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Acoustic residues; number theory, the paradigm of pure mathematics, helps change the sound of small rooms and concert halls.

There's a new ingredient in the sound of The Oak Ridge Boys. On the rear wall of the control room in their recently completed recording studio in Hendersonville, Tenn., hangs a cluster of panels that looks like it belongs in a trendy art gallery or on the set for a "Star Trek" episode.

Sculpted from wooden strips separated by thin aluminum dividers, each panel consists of an array of wells of equal width but different depths. These panels, called reflection phase gratings, scatter sound waves. The result is a richer, livelier sound with an enhanced sense of space: The walls seem to disappear, some listeners comment, and a small room takes on the air of a great hall.

The secret lies in the varying depths of a panel's wells. With depths based on specific sequences of numbers rooted in the mathematics of number theory, these wells scatter a broad range of frequencies evenly over a wide angle. Developed by RPG Diffusor Systems, Inc., a small, young company in Largo, Md., such panels are starting to show up in modern broadcast booths, concert halls, churches and even nightclubs. The next step may be into private homes.

The scientist who pioneered the ideas now being applied and refined by RPG is Manfred R. Schroeder of the Drittes Physikalisches Institut at the University of Gottingen in West Germany. He is also associated with AT&T Bell Laboratories in Murray Hill, N.J. Recently, at an Acoustical Society of America meeting in Nashville, Tenn., Schroeder outlined some of the steps that led to his discovery. He titled his address: "The unreasonable effectiveness of number theory in accoustics."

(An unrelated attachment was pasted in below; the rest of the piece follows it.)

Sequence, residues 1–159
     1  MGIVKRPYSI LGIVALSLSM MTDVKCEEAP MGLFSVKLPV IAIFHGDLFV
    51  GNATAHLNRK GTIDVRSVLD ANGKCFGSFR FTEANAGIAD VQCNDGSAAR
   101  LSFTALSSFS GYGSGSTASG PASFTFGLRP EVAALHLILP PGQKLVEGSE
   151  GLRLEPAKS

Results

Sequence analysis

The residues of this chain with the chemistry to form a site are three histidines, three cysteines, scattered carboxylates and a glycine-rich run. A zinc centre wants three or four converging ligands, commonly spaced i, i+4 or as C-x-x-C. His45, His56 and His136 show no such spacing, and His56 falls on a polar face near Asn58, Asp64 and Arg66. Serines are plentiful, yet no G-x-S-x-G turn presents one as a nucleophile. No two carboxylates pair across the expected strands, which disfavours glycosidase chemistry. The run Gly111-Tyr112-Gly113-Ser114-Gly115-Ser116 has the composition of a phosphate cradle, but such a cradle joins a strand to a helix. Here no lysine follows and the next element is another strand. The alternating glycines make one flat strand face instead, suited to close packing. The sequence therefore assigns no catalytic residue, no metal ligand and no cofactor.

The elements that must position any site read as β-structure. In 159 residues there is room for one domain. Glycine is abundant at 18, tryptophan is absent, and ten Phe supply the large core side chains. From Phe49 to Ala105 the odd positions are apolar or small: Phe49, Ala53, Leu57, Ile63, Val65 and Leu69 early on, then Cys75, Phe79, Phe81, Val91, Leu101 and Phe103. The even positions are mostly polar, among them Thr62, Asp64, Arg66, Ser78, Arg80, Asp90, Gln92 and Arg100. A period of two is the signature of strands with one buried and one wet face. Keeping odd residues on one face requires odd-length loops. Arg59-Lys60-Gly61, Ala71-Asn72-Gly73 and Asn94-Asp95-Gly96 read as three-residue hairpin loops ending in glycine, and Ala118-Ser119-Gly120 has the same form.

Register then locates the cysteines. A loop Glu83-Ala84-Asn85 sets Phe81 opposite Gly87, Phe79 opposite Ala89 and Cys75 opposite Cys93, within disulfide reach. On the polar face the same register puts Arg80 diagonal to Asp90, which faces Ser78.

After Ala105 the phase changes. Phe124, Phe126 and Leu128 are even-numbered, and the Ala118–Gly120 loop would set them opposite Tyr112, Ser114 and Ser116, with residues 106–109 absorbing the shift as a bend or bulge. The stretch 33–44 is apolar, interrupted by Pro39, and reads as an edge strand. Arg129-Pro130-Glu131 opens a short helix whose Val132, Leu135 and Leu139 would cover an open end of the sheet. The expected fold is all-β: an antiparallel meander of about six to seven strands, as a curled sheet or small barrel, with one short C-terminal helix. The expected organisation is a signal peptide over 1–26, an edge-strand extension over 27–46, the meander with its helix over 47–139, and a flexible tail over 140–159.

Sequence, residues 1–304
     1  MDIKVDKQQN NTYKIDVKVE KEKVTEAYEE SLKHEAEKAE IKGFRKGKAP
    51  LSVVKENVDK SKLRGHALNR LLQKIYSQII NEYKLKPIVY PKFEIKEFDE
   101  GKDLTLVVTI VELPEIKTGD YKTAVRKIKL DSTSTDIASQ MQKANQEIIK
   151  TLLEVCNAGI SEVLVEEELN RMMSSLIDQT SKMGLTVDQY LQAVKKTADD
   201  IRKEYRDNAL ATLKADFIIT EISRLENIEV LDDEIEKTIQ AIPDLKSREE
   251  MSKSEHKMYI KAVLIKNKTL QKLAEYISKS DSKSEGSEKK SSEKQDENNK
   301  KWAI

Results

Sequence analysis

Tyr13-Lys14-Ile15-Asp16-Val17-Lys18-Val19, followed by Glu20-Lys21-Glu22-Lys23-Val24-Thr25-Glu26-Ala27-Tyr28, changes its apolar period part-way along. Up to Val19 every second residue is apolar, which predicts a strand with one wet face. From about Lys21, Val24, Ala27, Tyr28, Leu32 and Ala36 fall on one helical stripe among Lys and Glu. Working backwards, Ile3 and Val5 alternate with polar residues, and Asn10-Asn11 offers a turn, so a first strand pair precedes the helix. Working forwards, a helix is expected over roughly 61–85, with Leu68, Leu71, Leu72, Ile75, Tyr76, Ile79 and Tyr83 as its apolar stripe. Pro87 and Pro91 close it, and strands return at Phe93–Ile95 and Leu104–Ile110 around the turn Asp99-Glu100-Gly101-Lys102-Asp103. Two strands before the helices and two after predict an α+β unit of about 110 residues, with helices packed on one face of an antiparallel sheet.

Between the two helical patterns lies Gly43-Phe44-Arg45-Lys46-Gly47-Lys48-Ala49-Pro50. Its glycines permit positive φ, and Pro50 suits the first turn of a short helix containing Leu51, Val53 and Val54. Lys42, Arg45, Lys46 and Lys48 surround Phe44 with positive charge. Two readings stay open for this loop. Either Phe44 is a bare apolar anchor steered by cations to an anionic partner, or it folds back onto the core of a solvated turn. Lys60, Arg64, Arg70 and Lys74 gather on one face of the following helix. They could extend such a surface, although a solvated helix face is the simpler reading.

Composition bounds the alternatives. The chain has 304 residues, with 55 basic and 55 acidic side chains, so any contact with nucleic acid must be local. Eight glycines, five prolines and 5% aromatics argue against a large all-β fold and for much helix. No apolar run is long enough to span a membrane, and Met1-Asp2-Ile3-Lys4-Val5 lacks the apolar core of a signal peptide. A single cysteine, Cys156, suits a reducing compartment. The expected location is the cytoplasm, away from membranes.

About a decade ago, Schroeder and two collaborators undertook a major study of more than 20 famous European concert halls. One of their findings was that listeners like the sound of long, narrow halls better than that of wide halls. Perhaps the reason for this, Schroeder reasoned, is related to another finding -- that listeners prefer to hear somewhat different signals at their two ears.

In a wide hall, the first strong sound to arrive at a listener's ears, after sound traveling directly from the stage washes over the listener, is the reflection from the ceiling. Such reflections produce very similar signals at the two ears. In narrow halls, the first reflections reach the listener from the left and right walls, and these two reflections are generally different.

This may be why so many modern halls are acoustically unpopular, says Schroeder. Economic constraints dictate the construction of wide halls to accommodate more seats, and modern air conditioning systems allow lower ceilings. To improve such halls, sound must be redirected from the ceiling toward the walls.

A flat surface can't do the job. It reflects sound in only one direction, according to the same rules that govern light reflecting from a mirror. "The ceiling must have ups and downs," explains Schroeder. "How deep the notches should be comes from number theory." The result is an acoustic grating analogous to diffraction grating used to scatter light.

Although number theory suggests several answers, the most effective grating is based on "quadratic-residue" sequences. One example of such a sequence is based on the prime number 17. The first sequence member is the remainder (or residue) after the first number, 1, is squared and divided by 17. The answer is 1. Squaring all the numbers from 1 to 16, then dividing by 17 to find the residue, produces the sequence: 1, 4, 9, 16, 8, 2, 15, 13, 13, 15, 2, 8, 16, 9, 4, 1. For larger numbers, the pattern simply repeats.